Do Any of Us Really Write Alone?

This article on the effect of fandom on the Good Omens miniseries brings out the quantum theorist in this TVWriter™ minion. As in – Do the acts of reading and commenting on a creative work actually change the work itself?

At the very least, it would see that they can’t keep from having an effect on the writers/ What do you think?

by Samantha Edmonds

I’m just going to say it: I liked the Good Omens miniseries more than the novel. It’s sacrilege among Book Folks, my people, to admit this, but sometimes recasting an old story into a new medium improves the experience. (Remember Legally Blonde, the Amanda Brown novel? Of course you don’t.) There are several reasons why I preferred the show, but mostly it’s because the novel didn’t have Aziraphale and Crowley’s queer-as-hell relationship — unarguably the best part — as the main focus.

So when I say Good Omens the show is “better” than Good Omens the book, what I mean is, it’s gayer.

Good Omens isn’t unique in its having fans who read queerness into the text. Fandoms have been doing this for years: Supernatural immediately comes to mind, as does The Lord of the Rings and Harry Potter. What does make Good Omens unique is that this fan-created queer love story — a fairy tale for the end of the world — pretty much came true when the story was adapted from the page to the screen.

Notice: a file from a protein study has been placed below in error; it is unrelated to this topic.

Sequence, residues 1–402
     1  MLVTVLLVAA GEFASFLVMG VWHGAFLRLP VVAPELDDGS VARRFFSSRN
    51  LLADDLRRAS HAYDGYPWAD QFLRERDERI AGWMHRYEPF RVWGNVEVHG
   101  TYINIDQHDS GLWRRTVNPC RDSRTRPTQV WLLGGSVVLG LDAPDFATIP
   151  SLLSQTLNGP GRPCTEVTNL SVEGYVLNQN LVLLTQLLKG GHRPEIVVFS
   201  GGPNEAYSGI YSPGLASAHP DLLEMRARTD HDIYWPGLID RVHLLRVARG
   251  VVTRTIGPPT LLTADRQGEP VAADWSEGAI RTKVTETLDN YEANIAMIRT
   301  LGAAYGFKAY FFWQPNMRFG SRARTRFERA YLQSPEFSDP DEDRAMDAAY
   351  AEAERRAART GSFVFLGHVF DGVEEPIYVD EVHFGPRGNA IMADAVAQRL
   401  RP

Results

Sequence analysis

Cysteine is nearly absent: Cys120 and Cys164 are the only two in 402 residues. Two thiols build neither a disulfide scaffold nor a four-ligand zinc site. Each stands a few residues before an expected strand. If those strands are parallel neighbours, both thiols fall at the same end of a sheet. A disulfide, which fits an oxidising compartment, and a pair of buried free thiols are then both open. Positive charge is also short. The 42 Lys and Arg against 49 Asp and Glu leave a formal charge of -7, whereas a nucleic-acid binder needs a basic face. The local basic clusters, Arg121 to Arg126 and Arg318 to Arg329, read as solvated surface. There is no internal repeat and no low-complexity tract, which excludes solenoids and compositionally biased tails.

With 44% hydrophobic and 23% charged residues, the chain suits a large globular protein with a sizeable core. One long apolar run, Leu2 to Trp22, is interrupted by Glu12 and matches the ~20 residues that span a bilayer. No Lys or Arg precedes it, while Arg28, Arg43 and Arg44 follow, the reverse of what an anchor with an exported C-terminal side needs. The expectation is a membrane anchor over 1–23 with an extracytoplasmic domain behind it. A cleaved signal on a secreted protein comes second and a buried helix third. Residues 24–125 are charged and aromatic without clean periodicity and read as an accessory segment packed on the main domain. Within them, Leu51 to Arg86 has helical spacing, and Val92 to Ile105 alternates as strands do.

Consider the standard one-sentence summary of the miniseries, which goes like this: In the final days leading up to the final battle between Heaven and Hell, the angel Aziraphale and the demon Crowley work together to thwart the apocalypse. Reviews may continue from there to praise the show’s casting, humor, or Emmy-nominated music — but then, inevitably, every article says something like “at its heart, this is a love story,” in reference to the obvious Crowley-and-Aziraphale-Making-Heart-Eyes-At-Each-Other moments throughout.

Here’s the thing, though: I don’t think it actually is a love story. Or rather, I don’t think the book was.

A more accurate novel summary is this: Shortly after his 11th birthday, Adam Young starts displaying mysterious powers. As various supernatural forces gather around him, he and his friends (the Them) decide if their world is worth saving….

Read it all at syfy.com

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